Friday, September 4, 2009

Preliminary Observations on the Boeing/Airbus Dispute

The World Trade Organization handed U.S. and EU officials its 1,000-page report on whether European aircraft manufacturer Airbus had received billions in illegal State subsidies over the past twenty years.  See Nicola Clark, U.S. and Europe Study W.T.O. Ruling on Airbus, N.Y. Times, Sept. 4, 2009 (available here).  While the full findings are not expected to be made available for several months, most news sources are reporting that the ruling goes against Airbus.  See, e.g., Frances Williams, WTO Issues Confidential Airbus Ruling, Fin. Times, Sept. 3, 2009 (available here).  The EU is stridently maintaining that "[the] report is only half the story," however, "and must be read together with an interim report on the EU case against the US over aid to Boeing."  Id.  It is worth noting that while the U.S. accusations of Airbus subsidies reached as high as $200 billion, the EU counterclaim put Boeing's subsidies at about a tenth of that.

Given the confidential nature of the report and the likelihood that it will take some time before even the best leaks concerning its contents can be distinguished from pure speculation, a few preliminary remarks can be made concerning the dispute and possible outcomes:

  • The closest analogies which can be drawn to the Boeing/Airbus case are the disputes involving Brazilian aircraft manufacturer Embraer and Canada's Bombardier.  Despite findings that both had violated WTO subsidy rules, neither were adversely impacted and government assistance continued.  There is no evidence this will not be the case with Airbus and Boeing as well.
  • Boeing hopes that the a ruling against Airbus will dissuade EU Member States from injecting new launch aid into the company so that it can produce its new A350 widebody passenger jet.  The new aircraft is intended to compete with Boeing's long delayed "Dreamliner."  However, judging by statements coming from the European Commission, it appears they are treating the present ruling as an independent matter and will continue with the launch aid plans.
  • Given the size of the ruling, the EU will have plenty of avenues available for appeal.  The dispute could continue well into 2013 and that doesn't even account for any possible action the U.S. may take if it loses on the EU's counterclaim.  Additionally, the U.S. Trade Representative's Office has said that it will pursue a complaint against the new round of pending launch aid if it goes forward.  In short, this quarrel could be far from over.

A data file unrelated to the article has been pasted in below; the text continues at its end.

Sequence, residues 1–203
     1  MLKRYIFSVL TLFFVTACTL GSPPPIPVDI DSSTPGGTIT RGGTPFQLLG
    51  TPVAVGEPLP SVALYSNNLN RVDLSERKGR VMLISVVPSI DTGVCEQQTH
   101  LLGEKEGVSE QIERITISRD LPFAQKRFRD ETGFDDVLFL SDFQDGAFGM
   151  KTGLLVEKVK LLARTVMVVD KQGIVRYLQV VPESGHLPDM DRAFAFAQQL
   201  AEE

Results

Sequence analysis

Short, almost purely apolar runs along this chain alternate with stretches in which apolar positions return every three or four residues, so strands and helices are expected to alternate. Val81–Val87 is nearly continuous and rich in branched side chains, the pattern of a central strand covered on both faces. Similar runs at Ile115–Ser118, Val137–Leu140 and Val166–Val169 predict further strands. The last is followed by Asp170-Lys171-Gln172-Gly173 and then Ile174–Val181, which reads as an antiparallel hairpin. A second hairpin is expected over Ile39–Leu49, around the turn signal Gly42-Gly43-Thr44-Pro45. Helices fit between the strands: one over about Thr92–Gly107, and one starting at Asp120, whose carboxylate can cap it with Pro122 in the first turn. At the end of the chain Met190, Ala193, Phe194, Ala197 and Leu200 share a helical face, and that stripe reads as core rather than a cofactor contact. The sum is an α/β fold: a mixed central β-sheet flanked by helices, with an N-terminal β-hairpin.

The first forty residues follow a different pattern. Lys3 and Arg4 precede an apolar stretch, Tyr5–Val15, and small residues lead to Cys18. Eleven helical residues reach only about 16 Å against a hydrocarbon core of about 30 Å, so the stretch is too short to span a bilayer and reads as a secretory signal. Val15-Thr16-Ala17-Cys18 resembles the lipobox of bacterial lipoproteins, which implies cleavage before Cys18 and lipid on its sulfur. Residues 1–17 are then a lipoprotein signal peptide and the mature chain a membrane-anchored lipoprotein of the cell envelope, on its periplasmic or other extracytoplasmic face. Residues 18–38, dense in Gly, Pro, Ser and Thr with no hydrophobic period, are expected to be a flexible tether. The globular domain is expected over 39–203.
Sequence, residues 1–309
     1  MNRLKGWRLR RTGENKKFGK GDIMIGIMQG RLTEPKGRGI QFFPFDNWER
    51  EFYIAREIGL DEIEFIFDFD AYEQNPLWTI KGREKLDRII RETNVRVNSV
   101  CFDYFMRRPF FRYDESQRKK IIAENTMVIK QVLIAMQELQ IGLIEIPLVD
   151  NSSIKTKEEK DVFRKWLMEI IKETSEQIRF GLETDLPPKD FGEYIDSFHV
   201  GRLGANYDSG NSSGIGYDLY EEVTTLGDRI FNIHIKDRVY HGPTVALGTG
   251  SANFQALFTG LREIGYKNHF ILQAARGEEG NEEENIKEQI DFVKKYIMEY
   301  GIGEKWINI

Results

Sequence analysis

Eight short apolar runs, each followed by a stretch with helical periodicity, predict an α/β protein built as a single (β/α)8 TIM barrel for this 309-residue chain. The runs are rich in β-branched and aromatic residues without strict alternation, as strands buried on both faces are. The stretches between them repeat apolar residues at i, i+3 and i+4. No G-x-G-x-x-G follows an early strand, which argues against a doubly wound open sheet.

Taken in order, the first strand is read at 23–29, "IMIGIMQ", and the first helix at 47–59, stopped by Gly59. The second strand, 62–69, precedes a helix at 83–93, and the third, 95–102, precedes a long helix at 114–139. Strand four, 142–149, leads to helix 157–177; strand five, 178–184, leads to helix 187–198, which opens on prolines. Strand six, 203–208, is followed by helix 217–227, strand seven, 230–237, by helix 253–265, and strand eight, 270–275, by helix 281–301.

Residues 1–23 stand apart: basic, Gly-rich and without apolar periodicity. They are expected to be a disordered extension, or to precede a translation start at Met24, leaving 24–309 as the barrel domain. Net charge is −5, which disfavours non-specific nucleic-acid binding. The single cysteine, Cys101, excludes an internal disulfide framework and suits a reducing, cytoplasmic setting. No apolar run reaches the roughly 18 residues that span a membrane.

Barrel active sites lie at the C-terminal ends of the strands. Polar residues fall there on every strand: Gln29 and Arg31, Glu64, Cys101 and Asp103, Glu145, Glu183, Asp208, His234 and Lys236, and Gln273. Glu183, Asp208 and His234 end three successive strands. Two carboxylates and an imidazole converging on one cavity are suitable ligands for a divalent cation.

• Unfortunately, this dispute is coming to a head at a time when the Doha Round of Trade Negotiations appears to have been handed a new lease on life.  Given the fragility of the talks and the fact that no meaningful progress will be made without substantial U.S. and EU involvement, having two of the world's leading trade powers in the midst of a high-profile, highly politicized dispute could be detrimental to the talks' survival.
  • The world trade system has taken some noticeable hits over the last several years.  The initial freeze-turned-collapse of Doha, the worldwide economic downturn, and a new rise in protectionism have weakened global trade and even spurred some to cast doubt on the future of the WTO.  Arguably, now more than even, international trade needs a shot in the arm that renewed Doha talks could provide.
  • At some point soon, the U.S. and EU will need to come together to reach a new consensus on what is to be done with their respective aircraft manufacturers.  Given the capital-intensive nature of these enterprises, a tight reading of the WTO's rules (specifically the Agreement on Subsidies and Countervailing Measures) could do more harm than good.  Paragraph 28 of the Doha Declaration on Negotiations identifies the Subsidies Agreement as one which is in need of clarifications.  Perhaps this dispute will provide a fresh impetus to make some.
  • As a final point, the U.S. and EU should not rule out revisiting their abandoned bilateral agreement on civil aircraft manufacturing.  Under a fresh bilateral, both sides could set new rules for State subsidies to their respective "national champions" which accounts for the current nature of the aircraft manufacturing sector and allows innovation to proceed without hampering competition.  Neither company is going away.  What must be decided is whether their operations from here on out will confer real benefits to the world community in the form of cutting-edge products or if they will become the basis for a needless, counterproductive, and potentially destructive trade war between two of the world's economic giants. 

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